Total Kjeldahl Nitrogen
Water Quality Measurement | Chemical Parameter
Lake Pend Oreille | Pend Oreille River
Nitrogen is an essential plant nutrient but in high quantities it can cause increased plant and algae growth, low dissolved oxygen (DO) levels, and increased temperature. Nitrogen in aquatic systems is found in many forms, including ammonia, nitrates and nitrites. Nitrogen sources include soil erosion, organic matter and debris, sewage and failing septic systems, fertilizers, animal waste, and agricultural runoff.
Total Kjeldahl Nitrogen (TKN) is the sum of organic nitrogen, ammonia, and ammonium in a water body. High TKN concentrations can indicate sewage and manure discharges are present in the water body.
How to use the graph: View data for only one month by clicking on that month in the legend. Supplemental information is provided by hovering over a data point.
*NOTE – The data for this graph has been log-transformed for visual aid purposes!!!
Additionally, our lab only measures TKN at and above 0.5 mg/L. Thus, results here reflect that our analysis do not detect TKN below 0.5 mg/L.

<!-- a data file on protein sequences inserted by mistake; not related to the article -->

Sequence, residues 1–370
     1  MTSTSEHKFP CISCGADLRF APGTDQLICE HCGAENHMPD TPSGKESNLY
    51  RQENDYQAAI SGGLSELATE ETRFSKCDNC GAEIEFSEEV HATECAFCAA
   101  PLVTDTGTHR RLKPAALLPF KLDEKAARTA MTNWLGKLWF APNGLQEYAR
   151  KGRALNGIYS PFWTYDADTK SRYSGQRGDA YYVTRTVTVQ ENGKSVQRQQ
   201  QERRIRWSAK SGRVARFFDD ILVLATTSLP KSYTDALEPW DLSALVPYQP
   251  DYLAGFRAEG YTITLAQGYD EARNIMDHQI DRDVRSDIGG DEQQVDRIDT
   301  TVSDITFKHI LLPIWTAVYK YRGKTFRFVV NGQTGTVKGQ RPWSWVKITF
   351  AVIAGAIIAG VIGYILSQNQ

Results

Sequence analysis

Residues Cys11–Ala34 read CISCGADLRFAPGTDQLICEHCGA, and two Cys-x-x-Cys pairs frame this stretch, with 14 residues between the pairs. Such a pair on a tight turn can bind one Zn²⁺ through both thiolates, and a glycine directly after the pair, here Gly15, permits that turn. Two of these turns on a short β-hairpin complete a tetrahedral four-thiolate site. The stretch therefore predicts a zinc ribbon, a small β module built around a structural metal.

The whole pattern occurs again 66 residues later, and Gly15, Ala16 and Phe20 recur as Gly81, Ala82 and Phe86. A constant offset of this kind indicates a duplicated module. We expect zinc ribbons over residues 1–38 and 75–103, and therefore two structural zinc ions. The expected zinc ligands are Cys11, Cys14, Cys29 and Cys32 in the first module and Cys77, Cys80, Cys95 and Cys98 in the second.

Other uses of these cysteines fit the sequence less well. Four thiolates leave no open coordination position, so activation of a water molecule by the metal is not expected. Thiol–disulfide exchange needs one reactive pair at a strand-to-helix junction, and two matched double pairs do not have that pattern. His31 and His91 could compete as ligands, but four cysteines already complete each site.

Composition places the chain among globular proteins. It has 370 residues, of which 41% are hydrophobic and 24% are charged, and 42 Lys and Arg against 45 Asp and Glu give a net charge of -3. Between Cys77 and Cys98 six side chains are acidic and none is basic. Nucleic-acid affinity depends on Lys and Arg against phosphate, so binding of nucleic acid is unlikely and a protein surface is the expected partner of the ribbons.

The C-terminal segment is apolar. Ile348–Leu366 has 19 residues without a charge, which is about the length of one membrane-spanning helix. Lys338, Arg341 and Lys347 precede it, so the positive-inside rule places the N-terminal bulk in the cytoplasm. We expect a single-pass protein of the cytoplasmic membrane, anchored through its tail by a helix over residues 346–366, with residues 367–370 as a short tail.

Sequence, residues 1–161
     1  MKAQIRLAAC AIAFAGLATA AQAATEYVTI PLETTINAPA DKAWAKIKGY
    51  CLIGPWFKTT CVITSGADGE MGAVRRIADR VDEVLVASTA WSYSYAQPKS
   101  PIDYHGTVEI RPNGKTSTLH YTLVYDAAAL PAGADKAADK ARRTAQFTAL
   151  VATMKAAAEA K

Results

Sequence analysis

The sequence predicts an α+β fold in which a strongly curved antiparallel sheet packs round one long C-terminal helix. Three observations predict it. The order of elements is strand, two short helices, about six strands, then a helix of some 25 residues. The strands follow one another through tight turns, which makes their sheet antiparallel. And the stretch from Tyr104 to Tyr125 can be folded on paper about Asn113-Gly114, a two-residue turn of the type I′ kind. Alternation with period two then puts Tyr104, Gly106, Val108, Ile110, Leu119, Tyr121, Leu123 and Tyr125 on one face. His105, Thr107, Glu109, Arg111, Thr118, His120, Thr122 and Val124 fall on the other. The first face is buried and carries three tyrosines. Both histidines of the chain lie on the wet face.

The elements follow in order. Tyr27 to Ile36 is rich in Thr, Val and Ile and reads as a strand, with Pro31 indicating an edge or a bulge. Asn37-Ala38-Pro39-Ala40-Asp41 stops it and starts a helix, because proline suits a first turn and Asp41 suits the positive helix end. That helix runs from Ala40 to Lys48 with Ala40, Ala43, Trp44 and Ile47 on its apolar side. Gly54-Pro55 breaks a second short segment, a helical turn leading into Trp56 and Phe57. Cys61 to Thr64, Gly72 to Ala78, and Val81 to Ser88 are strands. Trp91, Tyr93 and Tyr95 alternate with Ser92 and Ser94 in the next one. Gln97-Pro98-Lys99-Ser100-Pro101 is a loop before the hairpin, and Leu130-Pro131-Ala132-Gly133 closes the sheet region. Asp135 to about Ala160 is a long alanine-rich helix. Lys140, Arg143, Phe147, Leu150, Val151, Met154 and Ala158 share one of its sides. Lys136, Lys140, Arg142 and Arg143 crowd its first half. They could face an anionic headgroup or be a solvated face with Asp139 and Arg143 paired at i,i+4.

Nitrogen is an essential plant nutrient but in high quantities can cause excessive plant growth. Microbial metabolism can decompose organic nitrogen (e.g., plants) into ammonia, which may be oxidized into nitrite then further oxidized to nitrate. All forms are soluble in water and are closely related. High nitrogen levels can cause increased plant and algae growth, which is sometimes associated with low dissolved oxygen (DO) levels, and increased temperature.
Nitrogen has higher solubility in water than phosphorus (P) and quickly travels into rivers and streams. This property is one reason why phosphorus, rather than nitrogen, is the limiting nutrient for plant growth. When sampling for nutrients, it is advisable to include both phosphorus and nitrogen testing to determine the nitrogen to phosphorus ratio (N:P). The EPA mandates nitrogen and phosphorus limits through National Pollutant Discharge Elimination System (NPDES) permits, which are often based on the assessed ability for dilution by the receiving waters.
Some sources of nitrogen
- Soil erosion
- Organic matter/debris (decomposing leaves & plants)
- Sewage/failing septic systems
- Animal waste/agricultural runoff
Support this Program!
Laboratory analysis of water samples are very expensive totalling about $1,000 per station per field season. Your donation helps cover the costs of collecting & analyzing water samples.
Become a Citizen Scientist!
Become a trained citizen scientist. Collecting water samples is a great way to enjoy time on the water & get involved in active stewardship of our local waterways!